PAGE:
Last Thursday, Pres. Biden said in an interview with the TV news show “60 minutes” that while he fully supported Israel in its ongoing war with Gaza, he thought that Israel should not return to “occupying” Gaza. The interview did not air till Sunday, when it was seen as showing the one instance in which Biden has dared add a note of caution or demurral to the crass belligerency being continually voiced by Israel’s leaders.
With Biden now poised to leave for a visit to Israel that’s slated for tomorrow, his stance towards the actions Israel takes in Gaza gains even more relevance. Meantime, he has notably not called for Israel to halt any of the gross violations of international law that Israel continues to commit against Gaza’s 2.3 million people; and there have been well-authenticated reports that his State Department officials are not even allowed to utter the words “ceasefire” or “de-escalation” with respect to the Israel-Gaza conflict.
So his call on Israel not to “occupy” Gaza has some importance. What does it mean? Neither he nor anyone in his administration has spelled out whether it means he is urging Israel, which has sent massive ground armies to the edge of the Gaza Strip poised for a ground invasion, not to launch such an operation—or whether he’d be okay with them undertaking a ground invasion of limited extent and duration; or whether he’d be okay with them launching a total invasion of either the whole of the Gaza Strip or “just” its northern half, provided only that they don’t stay there too long.
Which is it?
The first thing to note in this regard is that according to the U.N. and most of the world’s governments, Gaza is anyway Israeli-occupied territory under international law, and therefore that Israel’s actions there should be regulated by the relevant provisions of international law such as the Fourth Geneva Convention. It is true that in 2005 Israel withdrew all its civilian settlers from Gaza and withdrew all its military from the interior of the Gaza Strip at that point. But it retained control of all the entry and exit points to the Strip for both people and goods. It maintained strict control of Gaza’s access to the sea, and control over the crossing point between Gaza and Egypt, at Rafah (through a Byzantine bureaucratic process known as “tanseeq“—coordination.) It even maintained control over the population registry of Gaza’s people. It was all those aspects of control that led the U.N. and other bodies to deem that Israel remained the occupying power in Gaza after 2005, just as it has been continuously since 1967.
However, back to our question as to what forms of Israeli action in Gaza Biden might be opposed to.
It is honestly hard to figure out what those might be. He has not openly called for an end to the very tight siege measures that Israel has imposed on Gaza, including its cutting off of power, fuel, water, food, and any deliveries of humanitarian or other goods. (Few of the corporate-media news accounts I’ve read have spelled out that it has been Israel’s bombing of the Rafah crossing that has made it impassable for humanitarian good going in and for Palestinian-Americans or other dual citizens to go out. But that is indeed the case.)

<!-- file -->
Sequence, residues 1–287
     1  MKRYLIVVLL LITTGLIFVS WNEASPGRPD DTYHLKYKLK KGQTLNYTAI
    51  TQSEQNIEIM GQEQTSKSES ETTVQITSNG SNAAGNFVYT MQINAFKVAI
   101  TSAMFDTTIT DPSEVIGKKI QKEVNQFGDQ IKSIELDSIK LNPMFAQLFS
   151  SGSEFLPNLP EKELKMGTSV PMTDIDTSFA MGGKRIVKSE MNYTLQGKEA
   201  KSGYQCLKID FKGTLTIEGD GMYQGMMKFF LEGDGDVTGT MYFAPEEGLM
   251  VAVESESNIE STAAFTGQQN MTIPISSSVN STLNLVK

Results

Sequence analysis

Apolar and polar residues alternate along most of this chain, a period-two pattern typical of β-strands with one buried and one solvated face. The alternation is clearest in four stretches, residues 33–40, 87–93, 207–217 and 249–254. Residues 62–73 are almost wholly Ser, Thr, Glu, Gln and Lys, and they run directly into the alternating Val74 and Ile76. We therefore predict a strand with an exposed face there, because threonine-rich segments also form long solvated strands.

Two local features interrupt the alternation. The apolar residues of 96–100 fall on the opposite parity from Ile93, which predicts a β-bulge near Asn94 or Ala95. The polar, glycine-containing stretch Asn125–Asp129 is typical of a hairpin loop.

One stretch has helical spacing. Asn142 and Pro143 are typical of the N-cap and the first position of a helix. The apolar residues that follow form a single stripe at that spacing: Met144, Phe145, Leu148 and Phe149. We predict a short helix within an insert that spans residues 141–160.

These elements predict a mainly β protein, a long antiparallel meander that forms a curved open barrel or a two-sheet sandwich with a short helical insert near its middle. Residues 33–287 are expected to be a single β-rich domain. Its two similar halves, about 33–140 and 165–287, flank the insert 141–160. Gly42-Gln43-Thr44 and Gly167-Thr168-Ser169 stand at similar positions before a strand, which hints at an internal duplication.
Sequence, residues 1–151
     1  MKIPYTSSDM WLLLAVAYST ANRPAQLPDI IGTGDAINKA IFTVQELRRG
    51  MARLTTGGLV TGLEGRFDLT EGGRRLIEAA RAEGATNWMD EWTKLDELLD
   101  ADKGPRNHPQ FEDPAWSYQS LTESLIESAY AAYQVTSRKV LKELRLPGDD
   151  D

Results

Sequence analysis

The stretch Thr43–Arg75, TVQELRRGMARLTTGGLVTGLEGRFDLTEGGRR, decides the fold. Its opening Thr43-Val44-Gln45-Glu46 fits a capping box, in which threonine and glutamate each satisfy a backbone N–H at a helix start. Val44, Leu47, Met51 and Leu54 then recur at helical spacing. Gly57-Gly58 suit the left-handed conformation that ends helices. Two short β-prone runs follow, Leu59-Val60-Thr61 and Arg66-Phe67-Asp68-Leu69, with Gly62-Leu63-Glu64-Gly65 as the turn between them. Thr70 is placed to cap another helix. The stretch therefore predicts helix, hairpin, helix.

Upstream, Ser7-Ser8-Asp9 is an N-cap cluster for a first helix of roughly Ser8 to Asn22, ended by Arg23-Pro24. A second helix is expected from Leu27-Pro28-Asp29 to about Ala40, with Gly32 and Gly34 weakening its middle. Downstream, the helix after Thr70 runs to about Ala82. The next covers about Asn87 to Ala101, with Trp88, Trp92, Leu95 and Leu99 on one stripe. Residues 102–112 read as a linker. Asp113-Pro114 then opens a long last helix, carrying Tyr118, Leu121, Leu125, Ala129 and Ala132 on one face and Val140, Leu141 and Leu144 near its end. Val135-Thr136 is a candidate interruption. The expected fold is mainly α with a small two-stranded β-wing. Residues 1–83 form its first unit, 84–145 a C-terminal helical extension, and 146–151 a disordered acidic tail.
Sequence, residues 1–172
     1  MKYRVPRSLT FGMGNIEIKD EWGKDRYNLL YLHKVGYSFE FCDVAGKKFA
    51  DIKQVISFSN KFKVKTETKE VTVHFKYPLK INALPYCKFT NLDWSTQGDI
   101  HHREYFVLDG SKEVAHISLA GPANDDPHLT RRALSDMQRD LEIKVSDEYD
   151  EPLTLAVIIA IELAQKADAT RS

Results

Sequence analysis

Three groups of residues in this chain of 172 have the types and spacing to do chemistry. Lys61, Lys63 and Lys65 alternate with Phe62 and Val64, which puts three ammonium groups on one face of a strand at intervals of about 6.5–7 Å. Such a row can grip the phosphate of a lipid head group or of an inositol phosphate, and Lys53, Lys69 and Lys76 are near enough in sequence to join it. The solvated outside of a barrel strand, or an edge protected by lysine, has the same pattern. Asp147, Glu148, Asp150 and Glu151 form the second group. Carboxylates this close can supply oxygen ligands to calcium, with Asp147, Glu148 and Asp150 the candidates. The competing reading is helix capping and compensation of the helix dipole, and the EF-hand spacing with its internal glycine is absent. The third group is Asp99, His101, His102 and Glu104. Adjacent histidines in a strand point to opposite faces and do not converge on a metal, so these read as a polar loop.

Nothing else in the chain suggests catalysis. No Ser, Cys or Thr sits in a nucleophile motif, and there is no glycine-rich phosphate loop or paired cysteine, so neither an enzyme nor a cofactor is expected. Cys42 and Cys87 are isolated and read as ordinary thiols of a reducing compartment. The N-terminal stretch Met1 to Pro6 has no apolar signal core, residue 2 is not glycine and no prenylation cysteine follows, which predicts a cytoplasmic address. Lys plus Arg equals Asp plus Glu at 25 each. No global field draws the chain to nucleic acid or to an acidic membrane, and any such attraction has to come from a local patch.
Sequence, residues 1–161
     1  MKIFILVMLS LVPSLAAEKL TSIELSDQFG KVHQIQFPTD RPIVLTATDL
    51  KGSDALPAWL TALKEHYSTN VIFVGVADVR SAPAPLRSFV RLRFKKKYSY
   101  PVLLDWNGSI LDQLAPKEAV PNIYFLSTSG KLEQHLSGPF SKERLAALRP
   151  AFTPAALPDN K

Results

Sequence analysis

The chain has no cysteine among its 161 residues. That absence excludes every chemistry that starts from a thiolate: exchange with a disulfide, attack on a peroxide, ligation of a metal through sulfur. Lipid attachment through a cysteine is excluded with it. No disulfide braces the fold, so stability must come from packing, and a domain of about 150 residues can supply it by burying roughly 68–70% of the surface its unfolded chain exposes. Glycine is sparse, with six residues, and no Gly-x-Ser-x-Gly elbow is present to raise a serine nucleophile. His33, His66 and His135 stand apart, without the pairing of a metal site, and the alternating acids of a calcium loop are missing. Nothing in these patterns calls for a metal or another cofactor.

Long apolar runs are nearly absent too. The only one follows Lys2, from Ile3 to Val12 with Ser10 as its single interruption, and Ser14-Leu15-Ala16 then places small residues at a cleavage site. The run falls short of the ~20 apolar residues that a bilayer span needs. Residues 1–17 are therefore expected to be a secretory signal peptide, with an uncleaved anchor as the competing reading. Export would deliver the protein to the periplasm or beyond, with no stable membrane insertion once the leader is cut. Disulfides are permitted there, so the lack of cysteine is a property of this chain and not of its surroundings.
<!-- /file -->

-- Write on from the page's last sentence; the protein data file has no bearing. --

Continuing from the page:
Of course the siege constitutes a massive act of collective punishment such as is absolutely forbidden under international law.
Biden has also not called for an end to the huge number of large-scale air-strikes and bombings of Gaza from land and sea that Israel has undertaken nearly continuously since October 7—bombardments that have led to those horrifying crumblings of high-rise buildings that have killed thousands of Palestinians (hundreds of whole families) trapped inside.
Biden has seemed quite okay with all of that, so far…
To be honest, both Biden and Israeli PM Netanyhau seem to be acting in a deeply deranged manner regarding the current Gaza crisis. Neither has any discernible end-game that is at all feasible.
I am currently wondering whether they actually both did become unhinged by the events of October 7, which within just a few hours punctured both Israel’s long-vaunted sense of strategic impunity and its ability to project a broad and effective aura of strategic “deterrence” that could intimidate potential rivals both near and far?
Or, is one or both of them acting out the “Strategic Madman” theory propounded by Pres. Nixon and national security adviser Henry Kissinger back in 1969, in an attempt so escalate so broadly and in such an apparently haphazard way that it would convince the Soviet leaders that Nixon might seem “crazy” enough to “go much further”—and thus persuade them to back down during crises in both Vietnam and the Middle East?
My money (were I a bettor) would be on the “actually unhinged” explanation. Neither Biden nor anyone in his entourage has anything like the strategic smarts or wiliness of a Nixon or a Kissinger.
Not that it makes much difference. Whether Biden and Netanyahu are actually unhinged or just “playing” the “Strategic Madman” game, the strategic knife-edge to which their actions have brought Gaza, Israel, the whole of West Asia, and indeed the global balance is already quite dangerous enough. Plus, it has already killed nearly 3,000 Palestinians, the vast majority of them innocent civilians.
End all these forms of madness! Ceasefire now!